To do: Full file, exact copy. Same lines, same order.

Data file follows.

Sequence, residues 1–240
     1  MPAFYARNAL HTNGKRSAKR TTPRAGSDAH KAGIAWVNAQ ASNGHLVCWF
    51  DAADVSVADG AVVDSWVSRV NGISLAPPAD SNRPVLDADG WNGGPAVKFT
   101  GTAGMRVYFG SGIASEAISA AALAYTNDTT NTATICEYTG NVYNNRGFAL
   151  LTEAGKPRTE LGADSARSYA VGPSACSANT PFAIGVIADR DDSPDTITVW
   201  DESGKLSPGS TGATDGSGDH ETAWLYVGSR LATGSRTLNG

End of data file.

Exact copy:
Sequence, residues 1–240
     1  MPAFYARNAL HTNGKRSAKR TTPRAGSDAH KAGIAWVNAQ ASNGHLVCWF
    51  DAADVSVADG AVVDSWVSRV NGISLAPPAD SNRPVLDADG WNGGPAVKFT
   101  GTAGMRVYFG SGIASEAISA AALAYTNDTT NTATICEYTG NVYNNRGFAL
   151  LTEAGKPRTE LGADSARSYA VGPSACSANT PFAIGVIADR DDSPDTITVW
   201  DESGKLSPGS TGATDGSGDH ETAWLYVGSR LATGSRTLNG